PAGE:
On 26 July 2022, Borisov, who had become head of Roscosmos, submitted to Putin his plans for withdrawal from the programme after 2024.[48] However, Robyn Gatens, the NASA official in charge of space station operations, responded that NASA had not received any formal notices from Roscosmos concerning withdrawal plans.[49] The United States Congress, in its CHIPS and Science Act signed by President Joe Biden on 9 August, approved extending NASA's funding for the ISS through 2030.[50][51]

On 21 September 2022, Borisov stated that Russia was "highly likely" to continue to participate in the ISS programme until 2028, stating that it would be challenging to start up manned space missions after such a long pause.[52][53]

Politics of asteroid mining[edit]

In recent years, the advancement in technology and engineering have made mining asteroid more plausible. The global space mining market is estimated to be worth $14.71 billion by 2025, as indicated by market research.[54] Although the industry could be years away from successfully mining asteroids, this renewed interest in asteroid mining for metal extraction has the potential to influence the global market of rare metal and create a new geopolitical order.[55][56][57][58]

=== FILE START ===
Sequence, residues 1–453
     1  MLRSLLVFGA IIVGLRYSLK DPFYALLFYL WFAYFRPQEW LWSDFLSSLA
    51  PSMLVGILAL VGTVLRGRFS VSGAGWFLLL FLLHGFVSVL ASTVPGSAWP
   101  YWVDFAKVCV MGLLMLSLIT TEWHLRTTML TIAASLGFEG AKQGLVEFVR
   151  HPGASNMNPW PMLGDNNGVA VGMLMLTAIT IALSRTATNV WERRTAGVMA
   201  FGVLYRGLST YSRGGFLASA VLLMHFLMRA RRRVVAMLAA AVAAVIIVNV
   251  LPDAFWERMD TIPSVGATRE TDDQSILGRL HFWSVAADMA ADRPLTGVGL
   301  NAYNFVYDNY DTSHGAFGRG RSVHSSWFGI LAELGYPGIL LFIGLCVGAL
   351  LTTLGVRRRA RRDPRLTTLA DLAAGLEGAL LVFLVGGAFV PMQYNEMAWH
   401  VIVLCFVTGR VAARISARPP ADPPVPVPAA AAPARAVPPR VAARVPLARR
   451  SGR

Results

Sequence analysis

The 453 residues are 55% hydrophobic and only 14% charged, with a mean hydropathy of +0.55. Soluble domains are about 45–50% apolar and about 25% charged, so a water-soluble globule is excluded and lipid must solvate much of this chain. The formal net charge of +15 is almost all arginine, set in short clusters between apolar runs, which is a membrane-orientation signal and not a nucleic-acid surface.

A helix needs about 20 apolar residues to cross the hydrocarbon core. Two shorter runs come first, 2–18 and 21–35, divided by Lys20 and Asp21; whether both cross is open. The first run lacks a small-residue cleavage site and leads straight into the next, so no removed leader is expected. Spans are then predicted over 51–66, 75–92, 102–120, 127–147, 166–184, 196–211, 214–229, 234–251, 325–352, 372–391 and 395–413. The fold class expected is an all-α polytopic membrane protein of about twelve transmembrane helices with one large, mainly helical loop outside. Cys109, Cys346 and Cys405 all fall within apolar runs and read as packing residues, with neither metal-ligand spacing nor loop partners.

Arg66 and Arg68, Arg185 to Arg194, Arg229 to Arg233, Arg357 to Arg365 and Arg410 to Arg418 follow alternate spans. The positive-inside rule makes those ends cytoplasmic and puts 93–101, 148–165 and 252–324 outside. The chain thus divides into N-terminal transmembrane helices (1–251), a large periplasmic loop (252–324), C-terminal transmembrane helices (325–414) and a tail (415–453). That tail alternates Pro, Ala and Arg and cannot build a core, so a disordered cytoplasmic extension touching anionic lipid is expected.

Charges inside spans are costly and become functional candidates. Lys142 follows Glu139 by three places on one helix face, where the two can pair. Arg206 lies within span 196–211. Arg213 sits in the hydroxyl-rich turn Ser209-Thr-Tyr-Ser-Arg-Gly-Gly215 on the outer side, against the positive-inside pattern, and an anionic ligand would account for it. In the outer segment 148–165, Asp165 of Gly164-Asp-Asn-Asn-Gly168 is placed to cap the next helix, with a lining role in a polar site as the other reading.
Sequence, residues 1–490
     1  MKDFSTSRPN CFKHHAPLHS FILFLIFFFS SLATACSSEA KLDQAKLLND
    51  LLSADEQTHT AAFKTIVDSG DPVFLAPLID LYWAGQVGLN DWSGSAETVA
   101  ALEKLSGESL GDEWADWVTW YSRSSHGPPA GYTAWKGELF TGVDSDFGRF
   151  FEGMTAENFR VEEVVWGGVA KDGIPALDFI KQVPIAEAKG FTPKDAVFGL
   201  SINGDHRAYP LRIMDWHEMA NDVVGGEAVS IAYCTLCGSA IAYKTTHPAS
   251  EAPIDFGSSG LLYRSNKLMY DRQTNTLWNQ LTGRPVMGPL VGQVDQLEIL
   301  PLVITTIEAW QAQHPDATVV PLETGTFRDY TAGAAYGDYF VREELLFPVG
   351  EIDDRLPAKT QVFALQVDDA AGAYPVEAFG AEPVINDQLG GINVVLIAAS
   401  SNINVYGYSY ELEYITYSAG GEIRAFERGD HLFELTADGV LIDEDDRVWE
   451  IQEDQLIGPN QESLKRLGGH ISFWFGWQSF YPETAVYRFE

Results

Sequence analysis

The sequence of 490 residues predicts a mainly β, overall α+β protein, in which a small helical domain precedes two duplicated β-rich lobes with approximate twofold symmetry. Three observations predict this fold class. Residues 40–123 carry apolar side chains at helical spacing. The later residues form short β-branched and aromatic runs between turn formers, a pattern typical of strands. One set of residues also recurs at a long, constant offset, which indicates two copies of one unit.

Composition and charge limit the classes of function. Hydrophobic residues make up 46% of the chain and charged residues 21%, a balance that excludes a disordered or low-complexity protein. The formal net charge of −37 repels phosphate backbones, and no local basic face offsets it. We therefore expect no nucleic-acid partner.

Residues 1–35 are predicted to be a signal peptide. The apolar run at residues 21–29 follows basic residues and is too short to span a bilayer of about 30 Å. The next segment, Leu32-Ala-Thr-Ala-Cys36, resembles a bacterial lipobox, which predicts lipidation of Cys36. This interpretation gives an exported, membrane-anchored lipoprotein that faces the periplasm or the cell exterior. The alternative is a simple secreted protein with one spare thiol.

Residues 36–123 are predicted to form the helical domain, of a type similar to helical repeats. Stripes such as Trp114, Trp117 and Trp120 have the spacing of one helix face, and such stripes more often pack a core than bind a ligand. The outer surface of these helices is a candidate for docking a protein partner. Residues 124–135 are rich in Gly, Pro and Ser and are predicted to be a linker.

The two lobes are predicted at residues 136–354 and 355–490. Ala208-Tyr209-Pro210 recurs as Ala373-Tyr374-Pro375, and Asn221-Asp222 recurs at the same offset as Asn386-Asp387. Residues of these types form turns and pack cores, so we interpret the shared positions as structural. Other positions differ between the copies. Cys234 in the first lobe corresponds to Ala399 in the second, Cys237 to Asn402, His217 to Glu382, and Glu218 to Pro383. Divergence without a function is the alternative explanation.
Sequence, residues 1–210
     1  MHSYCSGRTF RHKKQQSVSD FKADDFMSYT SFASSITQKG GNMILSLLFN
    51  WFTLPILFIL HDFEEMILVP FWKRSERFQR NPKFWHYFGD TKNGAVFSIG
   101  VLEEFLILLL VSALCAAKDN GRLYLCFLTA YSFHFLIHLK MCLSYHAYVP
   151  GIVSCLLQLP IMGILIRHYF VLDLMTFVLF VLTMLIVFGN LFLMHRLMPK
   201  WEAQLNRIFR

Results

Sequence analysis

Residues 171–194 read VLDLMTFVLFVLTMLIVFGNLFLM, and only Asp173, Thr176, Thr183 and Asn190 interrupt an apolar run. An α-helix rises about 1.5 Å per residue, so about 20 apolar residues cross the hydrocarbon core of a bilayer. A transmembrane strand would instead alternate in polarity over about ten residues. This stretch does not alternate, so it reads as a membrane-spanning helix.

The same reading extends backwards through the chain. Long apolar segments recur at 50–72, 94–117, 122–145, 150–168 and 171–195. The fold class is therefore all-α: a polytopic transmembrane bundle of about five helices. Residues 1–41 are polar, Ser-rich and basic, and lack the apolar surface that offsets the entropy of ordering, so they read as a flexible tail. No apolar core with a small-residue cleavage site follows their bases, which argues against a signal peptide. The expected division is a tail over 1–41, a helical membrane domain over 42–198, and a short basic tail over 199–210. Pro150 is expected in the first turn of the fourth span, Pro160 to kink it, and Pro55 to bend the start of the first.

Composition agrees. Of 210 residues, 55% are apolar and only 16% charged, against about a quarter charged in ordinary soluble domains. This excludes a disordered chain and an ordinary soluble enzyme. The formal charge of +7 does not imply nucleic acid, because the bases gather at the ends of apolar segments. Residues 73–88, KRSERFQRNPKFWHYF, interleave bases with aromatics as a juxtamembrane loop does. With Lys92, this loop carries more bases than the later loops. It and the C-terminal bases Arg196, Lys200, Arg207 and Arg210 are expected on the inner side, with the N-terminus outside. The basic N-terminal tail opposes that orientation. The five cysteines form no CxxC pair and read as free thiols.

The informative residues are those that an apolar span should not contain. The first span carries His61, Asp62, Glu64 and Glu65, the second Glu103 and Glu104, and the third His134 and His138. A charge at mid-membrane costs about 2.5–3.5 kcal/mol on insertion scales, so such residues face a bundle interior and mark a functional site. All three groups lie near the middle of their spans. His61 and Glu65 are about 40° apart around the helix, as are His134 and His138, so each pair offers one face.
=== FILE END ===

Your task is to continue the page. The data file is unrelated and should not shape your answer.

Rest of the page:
Outer space has been a ground for geopolitical competition since the Cold War, and the expected growth in asteroid mining could bring about a new geopolitical order organized around resources extraction.[59][57][60] Access to rare metals from asteroids could position nation-states and their private sectors competitively.[56] Countries with technological capacity to explore space and finance a new and costly asteroid mining endeavour are better positioned to dominate the global supply chain for such metals, while a handful of countries will lag behind. This threatens to drive a resource race in outer space and could create similar patterns of conflict around resources extraction to what has been experienced on earth.[56][57]